Tuesday, September 23, 2014


A new venue this year for Doors Open--Milwaukee was the Central Seventh-day Adventist Church, located on the near east side.  The church is actually a large residence that was built in 1912 for $300,000 as a gift by a wealthy gentleman for his bride.  In 1942, the residence was sold to the SDA church for $20,000, a huge bargain, even for the late-Depression era, considering the building's size, location, and craftsmanship.  My guess would be that the building had seen a good deal of neglect.  Even so, most of the building's finer points had remained intact.

Unfortunately, from the point of view of photography, I didn't find a lot to shoot.  Much of the home's fine woodwork, though nicely preserved, was quite dark, and I simply am not good at capturing the detail of such dark surfaces.  What I got instead were a few other detail shots that, while not telling much of a story, I liked OK as stand-alone images.

The first is a detail of a concrete pillar on the building's front porch.

It was a dark and rainy afternoon, and the pillar was in heavy shade.  I wound up shooting this at an ISO of 800.  What worked here was not so much the detail but the early fall color behind.  Even though I shot this at f/11, the background was nicely out of focus.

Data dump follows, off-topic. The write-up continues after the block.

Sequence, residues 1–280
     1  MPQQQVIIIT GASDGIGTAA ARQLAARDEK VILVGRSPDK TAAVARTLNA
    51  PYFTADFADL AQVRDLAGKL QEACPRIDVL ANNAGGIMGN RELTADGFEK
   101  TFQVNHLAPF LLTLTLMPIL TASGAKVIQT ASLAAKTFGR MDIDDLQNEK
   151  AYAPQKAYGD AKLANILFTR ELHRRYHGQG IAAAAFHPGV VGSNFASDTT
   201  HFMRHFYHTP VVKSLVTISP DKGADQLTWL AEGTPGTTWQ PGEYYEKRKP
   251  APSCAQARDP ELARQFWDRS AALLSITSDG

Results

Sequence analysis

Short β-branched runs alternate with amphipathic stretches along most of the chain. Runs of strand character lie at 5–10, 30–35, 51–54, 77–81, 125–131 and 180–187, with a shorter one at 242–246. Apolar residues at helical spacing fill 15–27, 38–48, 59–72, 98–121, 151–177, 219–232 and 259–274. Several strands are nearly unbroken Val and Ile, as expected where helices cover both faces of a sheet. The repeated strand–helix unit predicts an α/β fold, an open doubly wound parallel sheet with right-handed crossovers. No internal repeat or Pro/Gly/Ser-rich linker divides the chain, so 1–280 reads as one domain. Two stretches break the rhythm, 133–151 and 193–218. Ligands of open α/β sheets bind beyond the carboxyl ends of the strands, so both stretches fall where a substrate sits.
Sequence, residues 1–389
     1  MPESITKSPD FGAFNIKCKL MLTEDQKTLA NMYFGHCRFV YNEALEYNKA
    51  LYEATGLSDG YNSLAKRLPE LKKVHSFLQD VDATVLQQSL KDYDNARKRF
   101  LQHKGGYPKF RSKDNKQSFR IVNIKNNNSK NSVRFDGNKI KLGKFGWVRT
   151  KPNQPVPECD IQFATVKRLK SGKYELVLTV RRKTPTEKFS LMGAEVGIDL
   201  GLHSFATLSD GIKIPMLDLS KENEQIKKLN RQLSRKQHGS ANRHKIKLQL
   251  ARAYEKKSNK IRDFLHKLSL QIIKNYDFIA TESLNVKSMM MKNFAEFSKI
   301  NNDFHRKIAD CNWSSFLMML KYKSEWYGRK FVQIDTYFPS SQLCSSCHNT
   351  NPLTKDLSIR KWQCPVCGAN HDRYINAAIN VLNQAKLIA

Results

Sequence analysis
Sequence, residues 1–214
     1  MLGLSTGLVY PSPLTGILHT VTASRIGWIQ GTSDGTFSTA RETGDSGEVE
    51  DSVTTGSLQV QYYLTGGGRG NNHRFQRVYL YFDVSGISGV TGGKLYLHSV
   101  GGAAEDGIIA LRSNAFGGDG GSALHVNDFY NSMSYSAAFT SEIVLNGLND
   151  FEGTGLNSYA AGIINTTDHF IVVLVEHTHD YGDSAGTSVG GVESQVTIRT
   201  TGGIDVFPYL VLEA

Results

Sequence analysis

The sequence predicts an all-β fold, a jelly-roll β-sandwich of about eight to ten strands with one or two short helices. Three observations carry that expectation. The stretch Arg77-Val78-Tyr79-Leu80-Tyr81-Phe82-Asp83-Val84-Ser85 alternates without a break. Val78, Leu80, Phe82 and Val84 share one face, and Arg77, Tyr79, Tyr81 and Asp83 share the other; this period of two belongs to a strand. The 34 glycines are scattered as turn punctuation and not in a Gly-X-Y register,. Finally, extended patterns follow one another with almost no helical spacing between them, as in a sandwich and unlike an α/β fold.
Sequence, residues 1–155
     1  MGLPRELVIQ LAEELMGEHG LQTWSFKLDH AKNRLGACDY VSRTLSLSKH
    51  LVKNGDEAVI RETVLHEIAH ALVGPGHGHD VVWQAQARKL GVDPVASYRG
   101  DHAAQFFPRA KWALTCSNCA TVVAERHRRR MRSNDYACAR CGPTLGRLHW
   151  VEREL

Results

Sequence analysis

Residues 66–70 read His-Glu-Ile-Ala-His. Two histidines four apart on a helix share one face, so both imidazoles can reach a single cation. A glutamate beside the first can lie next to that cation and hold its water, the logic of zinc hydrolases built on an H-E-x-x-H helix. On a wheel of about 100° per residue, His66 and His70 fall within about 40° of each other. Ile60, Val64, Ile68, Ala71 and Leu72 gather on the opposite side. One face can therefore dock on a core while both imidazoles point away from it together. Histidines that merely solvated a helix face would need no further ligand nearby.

Unlike the dark woodwork throughout the residence/church, the ceiling in what had been the formal dining room was quite light, and I shot the following two semi-abstracts of it that I converted to black & whites.  Mildly interesting, particularly the first of the two.

To avoid perspective distortion, I tried to shoot these from directly underneath.

The home had been equipped with some sort of first-generation intercom system and one of the transmitting/receiving stations had been retained, I assume simply as a curiosity.

It's difficult to see, but a few of the options refer to the Front Hall, the Library, and the Billiard Room,  among others, reminding me of the childhood game Clue.

Finally, there was stained glass--sort of.  What caught my eye was not the lead designs around the glass but the fact that one of the panes was cracked.

the circular pane on the left is actually missing, making visible some sort of pink area behind.

The sanctuary for the church, created by knocking out room partitions on the second floor and eliminating a portion of the third floor to create a two-story space, was very modestly appointed.  Having spent a good deal of time photographing the interiors of Catholic as well as other mainstream Protestant churches, I was surprised at how little adornment this facility included.  But that is in keeping with the point of view of Seventh-day Adventism, the religion in which I was raised.


No comments:

Post a Comment